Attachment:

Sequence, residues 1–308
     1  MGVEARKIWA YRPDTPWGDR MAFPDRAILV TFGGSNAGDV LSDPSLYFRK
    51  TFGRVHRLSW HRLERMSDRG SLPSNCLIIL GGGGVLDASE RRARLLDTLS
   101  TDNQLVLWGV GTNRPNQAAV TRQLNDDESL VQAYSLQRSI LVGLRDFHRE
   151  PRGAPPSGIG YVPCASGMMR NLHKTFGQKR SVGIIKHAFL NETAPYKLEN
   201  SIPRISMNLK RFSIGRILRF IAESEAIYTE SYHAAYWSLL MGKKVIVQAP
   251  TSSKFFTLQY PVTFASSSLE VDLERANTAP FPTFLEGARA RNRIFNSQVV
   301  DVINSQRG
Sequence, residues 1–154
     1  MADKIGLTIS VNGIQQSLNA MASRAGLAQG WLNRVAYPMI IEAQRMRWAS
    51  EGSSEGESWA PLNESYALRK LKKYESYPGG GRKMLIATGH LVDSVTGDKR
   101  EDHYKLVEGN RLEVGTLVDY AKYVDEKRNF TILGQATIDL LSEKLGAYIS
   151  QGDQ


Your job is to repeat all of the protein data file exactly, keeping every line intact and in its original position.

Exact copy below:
Sequence, residues 1–308
     1  MGVEARKIWA YRPDTPWGDR MAFPDRAILV TFGGSNAGDV LSDPSLYFRK
    51  TFGRVHRLSW HRLERMSDRG SLPSNCLIIL GGGGVLDASE RRARLLDTLS
   101  TDNQLVLWGV GTNRPNQAAV TRQLNDDESL VQAYSLQRSI LVGLRDFHRE
   151  PRGAPPSGIG YVPCASGMMR NLHKTFGQKR SVGIIKHAFL NETAPYKLEN
   201  SIPRISMNLK RFSIGRILRF IAESEAIYTE SYHAAYWSLL MGKKVIVQAP
   251  TSSKFFTLQY PVTFASSSLE VDLERANTAP FPTFLEGARA RNRIFNSQVV
   301  DVINSQRG
Sequence, residues 1–154
     1  MADKIGLTIS VNGIQQSLNA MASRAGLAQG WLNRVAYPMI IEAQRMRWAS
    51  EGSSEGESWA PLNESYALRK LKKYESYPGG GRKMLIATGH LVDSVTGDKR
   101  EDHYKLVEGN RLEVGTLVDY AKYVDEKRNF TILGQATIDL LSEKLGAYIS
   151  QGDQ